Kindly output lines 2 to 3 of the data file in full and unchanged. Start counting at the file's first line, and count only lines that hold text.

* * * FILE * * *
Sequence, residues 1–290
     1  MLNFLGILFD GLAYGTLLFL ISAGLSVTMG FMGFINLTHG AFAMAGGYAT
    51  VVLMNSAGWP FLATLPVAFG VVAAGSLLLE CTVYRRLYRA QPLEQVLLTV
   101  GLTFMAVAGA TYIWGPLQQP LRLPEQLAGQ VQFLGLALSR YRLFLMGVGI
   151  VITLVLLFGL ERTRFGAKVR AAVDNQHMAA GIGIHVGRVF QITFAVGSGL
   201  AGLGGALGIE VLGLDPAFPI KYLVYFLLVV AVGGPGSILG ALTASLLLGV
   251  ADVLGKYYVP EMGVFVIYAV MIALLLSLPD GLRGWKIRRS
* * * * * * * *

     1  MLNFLGILFD GLAYGTLLFL ISAGLSVTMG FMGFINLTHG AFAMAGGYAT
    51  VVLMNSAGWP FLATLPVAFG VVAAGSLLLE CTVYRRLYRA QPLEQVLLTV